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Schizophrenia is associated with significant cognitive impairment. However, the pathophysiological mechanisms underlying cognitive dysfunction in schizophrenia remain unclear. Brain-derived neurotrophic factor (BDNF) and C-reactive protein (CRP) are among the most commonly investigated peripheral markers of cognition in schizophrenia.
A systematic review in PubMed and Scopus databases was performed until 31 January 2019 to assess the relationship between cognitive impairment, CRP and BDNF levels in schizophrenia. A random-effects meta-analysis was conducted.
Current meta-analysis included 21 studies including 2449 patients with schizophrenia-spectrum disorders. Overall, both BDNF [r = 0.12, confidence interval (CI) 0.04–0.19] and CRP (r = −0.13, CI 0.08–0.18) levels were very modestly but significantly related to cognitive functioning in schizophrenia (r = 0.12, CI 0.04–0.19). In meta-analyses of cognitive domains, BDNF levels were significantly associated with verbal memory (r = 0.16, CI 0.09–0.23), working memory (r = 0.14, CI 0.06–0.22), processing speed (r = 0.18, CI 0.10–0.26) and verbal fluency (r = 0.09, CI 0–0.18) performances. Elevated CRP levels were related to all cognitive domains (r = −0.09 to −0.13) except for fluency. Subgroup analyses suggested that the relationship between cognitive and BDNF levels were more pronounced in chronic samples.
Current findings suggest that cognitive impairment in schizophrenia is significantly related to elevated CRP and reduced BDNF levels in schizophrenia, particularly in chronic samples. However, small effect sizes of these correlations suggest that inflammation and decreased BDNF levels do not play a major role in cognitive dysfunction in most patients with schizophrenia. Further studies are needed to investigate the potential intermediating and confounding factors which can influence the level of relationship between inflammation, neurotrophic factors and cognition in schizophrenia.
Individuals with bipolar disorder (BD) have a higher prevalence of obesity and metabolic syndrome (MetS) compared with the general population. Obesity and MetS are associated with cognitive deficits and brain imaging abnormalities in the general population. Obesity and components of MetS might potentially associate with neuroimaging and neurocognitive findings in BD.
A literature search of studies investigating the association between obesity (and other components of MetS) and neurocognitive and neuroimaging findings in BD was conducted. In addition to a systematic review, a random-effects meta-analysis was conducted when sufficient data were available.
Twenty-three studies were included in the current systematic review. Overweight/obese patients were significantly associated with impaired neurocognition compared normal weight individuals with BD (d = 0.37). The most robust association between obesity and cognitive deficits in BD was observed in the cognitive subdomain of executive functions (d = 0.61). There was also evidence for a significant relationship between cognitive impairment in BD and other components of MetS including hypertension, dyslipidemia, and diabetes. Overweight/obese individuals with BD had more pronounced brain imaging abnormalities than normal weight individuals with BD.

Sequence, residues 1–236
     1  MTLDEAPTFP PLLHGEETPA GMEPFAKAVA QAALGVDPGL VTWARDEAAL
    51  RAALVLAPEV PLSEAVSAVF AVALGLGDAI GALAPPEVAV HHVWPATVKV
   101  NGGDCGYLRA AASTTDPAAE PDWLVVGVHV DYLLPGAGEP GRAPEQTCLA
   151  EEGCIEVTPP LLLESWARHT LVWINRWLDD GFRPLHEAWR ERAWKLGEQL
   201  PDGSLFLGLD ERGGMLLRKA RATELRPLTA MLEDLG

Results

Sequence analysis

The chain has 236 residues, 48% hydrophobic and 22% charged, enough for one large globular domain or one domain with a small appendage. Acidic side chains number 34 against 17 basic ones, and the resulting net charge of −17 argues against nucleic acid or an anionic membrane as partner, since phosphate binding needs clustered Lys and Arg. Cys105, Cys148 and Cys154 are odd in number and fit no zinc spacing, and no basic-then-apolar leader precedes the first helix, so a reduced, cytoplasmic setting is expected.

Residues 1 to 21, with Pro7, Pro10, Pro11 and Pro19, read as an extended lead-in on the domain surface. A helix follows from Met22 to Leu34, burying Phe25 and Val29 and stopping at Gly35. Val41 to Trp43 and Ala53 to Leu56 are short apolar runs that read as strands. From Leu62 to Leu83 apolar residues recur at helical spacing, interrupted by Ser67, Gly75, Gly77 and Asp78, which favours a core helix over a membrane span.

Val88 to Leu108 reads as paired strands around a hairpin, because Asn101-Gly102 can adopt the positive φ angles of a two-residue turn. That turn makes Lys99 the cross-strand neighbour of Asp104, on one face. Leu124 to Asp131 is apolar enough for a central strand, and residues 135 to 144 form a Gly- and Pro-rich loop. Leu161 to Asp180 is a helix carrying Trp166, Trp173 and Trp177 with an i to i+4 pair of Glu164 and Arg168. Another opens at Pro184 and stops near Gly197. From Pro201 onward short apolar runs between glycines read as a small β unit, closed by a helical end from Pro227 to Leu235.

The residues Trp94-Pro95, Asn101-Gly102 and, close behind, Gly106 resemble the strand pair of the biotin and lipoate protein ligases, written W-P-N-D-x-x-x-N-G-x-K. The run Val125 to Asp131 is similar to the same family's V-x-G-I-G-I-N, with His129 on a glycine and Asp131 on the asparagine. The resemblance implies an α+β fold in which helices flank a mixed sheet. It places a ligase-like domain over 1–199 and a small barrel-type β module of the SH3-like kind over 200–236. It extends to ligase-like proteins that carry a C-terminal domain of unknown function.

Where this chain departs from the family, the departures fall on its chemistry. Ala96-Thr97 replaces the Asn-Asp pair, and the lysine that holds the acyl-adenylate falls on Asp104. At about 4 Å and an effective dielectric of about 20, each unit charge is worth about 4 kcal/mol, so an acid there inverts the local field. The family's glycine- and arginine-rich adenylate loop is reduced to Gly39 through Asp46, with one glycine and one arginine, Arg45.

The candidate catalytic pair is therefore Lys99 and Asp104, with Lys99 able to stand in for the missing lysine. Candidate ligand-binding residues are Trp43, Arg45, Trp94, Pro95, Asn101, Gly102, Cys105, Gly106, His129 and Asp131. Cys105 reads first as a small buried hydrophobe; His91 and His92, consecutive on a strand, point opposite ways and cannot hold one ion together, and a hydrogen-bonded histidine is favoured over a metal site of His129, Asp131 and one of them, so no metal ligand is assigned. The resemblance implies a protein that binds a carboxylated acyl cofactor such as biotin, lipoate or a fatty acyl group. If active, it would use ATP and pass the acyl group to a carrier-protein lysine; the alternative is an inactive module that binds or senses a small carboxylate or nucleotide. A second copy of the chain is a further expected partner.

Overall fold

Obesity and related cardiovascular risk factors significantly are associated with more severe cognitive and brain imaging abnormalities in BD. Medical co-morbidities can potentially contribute to functional decline observed in some patients throughout the course of BD.
Cognitive functioning in affective psychosis and schizoaffective disorder is much less studied compared with schizophrenia.
To quantitatively undertake a meta-analysis of the available data that directly compares cognitive functioning across schizophrenia, schizoaffective disorder and affective psychosis.
Following a thorough literature review, 31 studies that compared the performances of people with schizophrenia (1979 participants) with that of those with affective psychosis or schizoaffective disorder (1314 participants) were included. To determine the effect of demographic and clinical confounders, meta-regression and subgroup analyses were conducted.
In 6 of 12 cognitive domains, people with schizophrenia performed worse than people with schizoaffective disorder or affective psychosis. However, the between-group differences were small and the distribution of effect sizes showed substantial heterogeneity. The between-group differences were driven by a higher percentage of males, more severe negative symptoms and younger age at onset of illness in the schizophrenia samples.
Neuropsychological data do not provide evidence for categorical differences between schizophrenia and other groups. However, a subgroup of individuals with schizophrenia who have more severe negative symptoms may be cognitively more impaired than those with affective psychosis/schizoaffective disorder.
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